Kelly says job speculation not a problem
By JOE KAY
AP Sports Writer
CINCINNATI (AP) -- Coach Brian Kelly is so accustomed to hearing rumors about him leaving Cincinnati that he pays little attention to what he calls the "silly season" of college football.
Kelly said on Tuesday the speculation he will be up for other coaching jobs doesn't affect his undefeated team or its recruiting. The fifth-ranked Bearcats (10-0) are fifth in the BCS standings heading into their final home game Friday against Illinois (3-7).
A week later, they play at Pittsburgh, a game that will determine the Big East championship.
In each of his three years in Cincinnati, Kelly has been mentioned as a candidate for various openings. This year it's as a possible candidate if Notre Dame fires Charlie Weis after the season.
Kelly's players have been good at ignoring the talk, too.
"This is the silly season, you know?" Kelly said. "This is where it happens every year. We've been having this conversation for the last two years, so this isn't new ground for our players.
"The truth is, this happens every year. It will continue to happen while I'm at the University of Cincinnati because nobody thinks that Cincinnati is a destination job, so it just happens this way."
Kelly has been trying to turn it into more than a steppingstone job. He has persuaded the university to spend millions of dollars to improve the practice facilities and give better pay to the coaches. The Bearcats won 10 games in his first year and the Big East title in 2008. This year, they've kept themselves in the discussion of national title contenders by getting off to the best start in school history.
Last December, Kelly tried to dampen speculation by saying he was happy in Cincinnati and had no intention of leaving, so long as the school is committed to doing what it takes to turn the program into the nation's best. He expects more interest in his future after the season.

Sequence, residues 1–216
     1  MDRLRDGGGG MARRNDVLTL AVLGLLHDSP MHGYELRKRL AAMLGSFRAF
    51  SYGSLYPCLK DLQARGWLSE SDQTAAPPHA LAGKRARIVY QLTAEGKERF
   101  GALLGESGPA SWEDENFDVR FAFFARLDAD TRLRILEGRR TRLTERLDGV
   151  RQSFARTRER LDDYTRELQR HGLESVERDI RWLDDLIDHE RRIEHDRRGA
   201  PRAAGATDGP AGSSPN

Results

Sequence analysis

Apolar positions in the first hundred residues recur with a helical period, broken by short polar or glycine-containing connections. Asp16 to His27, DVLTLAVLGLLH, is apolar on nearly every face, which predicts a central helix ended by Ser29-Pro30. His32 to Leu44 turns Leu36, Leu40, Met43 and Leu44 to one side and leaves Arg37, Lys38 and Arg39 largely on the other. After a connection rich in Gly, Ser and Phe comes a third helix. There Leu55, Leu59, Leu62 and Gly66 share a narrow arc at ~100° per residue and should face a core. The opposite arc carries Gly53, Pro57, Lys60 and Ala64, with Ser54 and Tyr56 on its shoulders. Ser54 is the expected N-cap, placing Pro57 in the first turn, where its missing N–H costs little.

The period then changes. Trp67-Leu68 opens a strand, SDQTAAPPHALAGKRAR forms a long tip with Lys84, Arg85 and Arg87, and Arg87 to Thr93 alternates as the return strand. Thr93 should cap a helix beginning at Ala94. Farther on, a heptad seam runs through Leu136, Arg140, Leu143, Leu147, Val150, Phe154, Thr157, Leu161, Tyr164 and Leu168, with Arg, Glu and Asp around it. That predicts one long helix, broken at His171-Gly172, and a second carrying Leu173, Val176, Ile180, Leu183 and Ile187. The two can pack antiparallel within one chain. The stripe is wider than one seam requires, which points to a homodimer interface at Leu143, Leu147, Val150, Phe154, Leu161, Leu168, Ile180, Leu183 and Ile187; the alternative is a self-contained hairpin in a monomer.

"The process is after the season," he said. "It's always about looking at what's the best opportunities for you and your family and your program. Again, it comes back to the same thing: Cincinnati is a great place to be."
Kelly said the speculation about him leaving Cincinnati hasn't hurt recruiting. He said coaches who are under fire at their schools might have more problems getting players to commit to them.
"I guess it's better than being on the other side of that," Kelly said. "They're talking about, let's see: Charlie Weis, (Kansas') Mark Mangino, (LSU's) Les Miles. To give due respect to all the coaches that are supposedly on the hot seat -- there's like 10 coaches. I don't want to be one of them because that really hurts your recruiting."
Mardy Gilyard, the Big East's leading receiver, said Tuesday that Kelly seems to be content coaching a team that's viewed as one of the nation's best.
"(Kelly) is a straight shooter, and he's enjoying it," Gilyard said. "You can see him out there at practice, and he's enjoying himself and enjoying himself week-in and week-out with us. He's establishing so much stuff in the community. He's just building it."
Gilyard said when speculation about Kelly's came up in the past, the coach reassured him he wasn't leaving.
"He said, 'Don't worry about nothing, I'm not going anywhere. I love the city. This is a good place. What better place to be than Cincinnati now?'" Gilyard said.